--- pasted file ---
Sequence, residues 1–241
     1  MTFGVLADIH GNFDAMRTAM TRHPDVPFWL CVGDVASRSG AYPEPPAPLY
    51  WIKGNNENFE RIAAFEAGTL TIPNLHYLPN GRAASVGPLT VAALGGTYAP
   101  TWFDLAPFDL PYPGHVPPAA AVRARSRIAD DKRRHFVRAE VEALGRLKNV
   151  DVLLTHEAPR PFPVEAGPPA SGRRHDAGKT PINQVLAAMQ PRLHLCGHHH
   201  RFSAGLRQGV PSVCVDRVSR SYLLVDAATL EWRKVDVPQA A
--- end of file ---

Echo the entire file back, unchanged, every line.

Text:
Sequence, residues 1–241
     1  MTFGVLADIH GNFDAMRTAM TRHPDVPFWL CVGDVASRSG AYPEPPAPLY
    51  WIKGNNENFE RIAAFEAGTL TIPNLHYLPN GRAASVGPLT VAALGGTYAP
   101  TWFDLAPFDL PYPGHVPPAA AVRARSRIAD DKRRHFVRAE VEALGRLKNV
   151  DVLLTHEAPR PFPVEAGPPA SGRRHDAGKT PINQVLAAMQ PRLHLCGHHH
   201  RFSAGLRQGV PSVCVDRVSR SYLLVDAATL EWRKVDVPQA A